If you want to be respected, you must respect yourself.
– Spanish Proverb
Respect for people is one of the two pillars of Lean. However “people” doesn’t just mean the people that report to you, but everyone – your team, boss, customers, suppliers, community – and especially you. Don’t forget about respecting yourself. The “respect for people” concept from Toyota is more accurately translated as “respect for humanity.”
To respect people, and yourself, you must understand and support that there is a brain attached to the pair of hands. In addition to the “cost” of the pair of hands that is represented on traditional financial statements, what is the value of the brain? How can you increase that value by soliciting and using ideas, creativity, experience, and knowledge? What environment, both physical and organizational, is necessary to optimize and leverage that value?
Don’t forget that respect can also mean being upfront, in an appropriate manner, with areas for improvement, or even letting the person know he or she is not the right fit for a position.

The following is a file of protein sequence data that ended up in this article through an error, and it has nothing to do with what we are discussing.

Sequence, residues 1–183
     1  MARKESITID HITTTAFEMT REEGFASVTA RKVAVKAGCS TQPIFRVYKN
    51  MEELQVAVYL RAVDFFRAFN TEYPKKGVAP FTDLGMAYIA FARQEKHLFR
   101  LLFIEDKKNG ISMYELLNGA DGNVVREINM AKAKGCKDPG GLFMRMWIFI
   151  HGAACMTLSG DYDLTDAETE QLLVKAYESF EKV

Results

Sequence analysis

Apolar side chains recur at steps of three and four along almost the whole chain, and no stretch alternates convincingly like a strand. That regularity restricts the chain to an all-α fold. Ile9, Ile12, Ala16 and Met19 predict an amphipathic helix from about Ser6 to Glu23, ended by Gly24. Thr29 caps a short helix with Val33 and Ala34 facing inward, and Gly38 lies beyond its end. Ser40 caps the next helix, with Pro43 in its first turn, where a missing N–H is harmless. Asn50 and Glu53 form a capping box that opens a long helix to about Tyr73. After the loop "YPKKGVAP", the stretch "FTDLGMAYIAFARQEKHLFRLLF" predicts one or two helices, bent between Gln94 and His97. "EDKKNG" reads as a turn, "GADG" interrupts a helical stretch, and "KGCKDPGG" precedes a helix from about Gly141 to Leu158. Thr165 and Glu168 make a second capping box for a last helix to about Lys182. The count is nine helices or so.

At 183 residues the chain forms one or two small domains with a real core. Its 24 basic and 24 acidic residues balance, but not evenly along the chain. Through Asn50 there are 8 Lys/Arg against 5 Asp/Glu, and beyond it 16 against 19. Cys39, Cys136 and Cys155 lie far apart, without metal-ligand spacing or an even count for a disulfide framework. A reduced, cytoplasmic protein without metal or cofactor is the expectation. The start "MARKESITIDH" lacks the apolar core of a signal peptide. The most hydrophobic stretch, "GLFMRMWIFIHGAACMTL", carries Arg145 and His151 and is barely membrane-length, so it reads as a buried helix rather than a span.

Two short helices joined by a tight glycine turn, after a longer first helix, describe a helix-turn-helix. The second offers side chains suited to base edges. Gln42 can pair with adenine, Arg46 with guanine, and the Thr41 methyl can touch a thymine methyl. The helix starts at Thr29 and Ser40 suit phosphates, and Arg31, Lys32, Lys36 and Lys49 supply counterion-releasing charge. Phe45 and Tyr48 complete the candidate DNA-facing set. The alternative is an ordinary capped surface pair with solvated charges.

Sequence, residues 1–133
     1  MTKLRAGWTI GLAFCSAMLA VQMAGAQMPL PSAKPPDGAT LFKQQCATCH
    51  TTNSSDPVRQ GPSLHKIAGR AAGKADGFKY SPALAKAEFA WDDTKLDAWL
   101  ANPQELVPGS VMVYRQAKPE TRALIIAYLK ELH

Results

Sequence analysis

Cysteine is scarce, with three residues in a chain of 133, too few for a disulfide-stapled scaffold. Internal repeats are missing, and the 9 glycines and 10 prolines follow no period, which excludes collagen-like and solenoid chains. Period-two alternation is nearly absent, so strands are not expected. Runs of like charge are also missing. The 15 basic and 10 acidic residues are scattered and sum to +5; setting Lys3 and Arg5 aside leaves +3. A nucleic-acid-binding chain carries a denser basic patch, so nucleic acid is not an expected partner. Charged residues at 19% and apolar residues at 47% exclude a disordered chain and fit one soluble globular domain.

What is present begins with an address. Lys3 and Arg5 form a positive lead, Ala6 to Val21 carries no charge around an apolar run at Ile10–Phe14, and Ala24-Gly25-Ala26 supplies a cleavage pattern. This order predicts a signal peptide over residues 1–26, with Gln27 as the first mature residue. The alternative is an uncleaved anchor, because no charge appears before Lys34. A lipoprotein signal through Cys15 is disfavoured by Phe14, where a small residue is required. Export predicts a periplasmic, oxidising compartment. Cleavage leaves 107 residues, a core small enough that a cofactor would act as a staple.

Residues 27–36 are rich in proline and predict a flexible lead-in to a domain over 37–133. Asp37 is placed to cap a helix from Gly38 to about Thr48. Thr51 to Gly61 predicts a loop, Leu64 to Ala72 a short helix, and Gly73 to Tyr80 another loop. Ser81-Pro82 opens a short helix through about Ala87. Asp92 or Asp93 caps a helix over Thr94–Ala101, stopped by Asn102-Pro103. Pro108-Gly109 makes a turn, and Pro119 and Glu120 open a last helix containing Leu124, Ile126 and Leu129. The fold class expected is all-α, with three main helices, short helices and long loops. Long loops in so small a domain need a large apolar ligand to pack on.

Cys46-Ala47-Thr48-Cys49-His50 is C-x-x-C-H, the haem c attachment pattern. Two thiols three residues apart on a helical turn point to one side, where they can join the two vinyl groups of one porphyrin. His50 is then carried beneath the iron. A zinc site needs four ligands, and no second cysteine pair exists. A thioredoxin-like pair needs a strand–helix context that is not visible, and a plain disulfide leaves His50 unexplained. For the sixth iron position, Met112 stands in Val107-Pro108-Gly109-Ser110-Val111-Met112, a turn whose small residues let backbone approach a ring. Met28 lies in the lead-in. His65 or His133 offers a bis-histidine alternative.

A couple years ago I read an article on the power of calling people by their name. Not just instead of “hey you!” but in normal communication. When you write an email do you just launch into the subject, or do you start with “Dear Jim,”? How about in person or on the phone. Using someone’s name creates a connection that can be very powerful.
How does a recognition of the potential value of a person change your perspective on providing solid and ongoing feedback, challenging mindsets and perspectives, creating opportunities for learning, outsourcing, and agreeing to unnecessary commitments?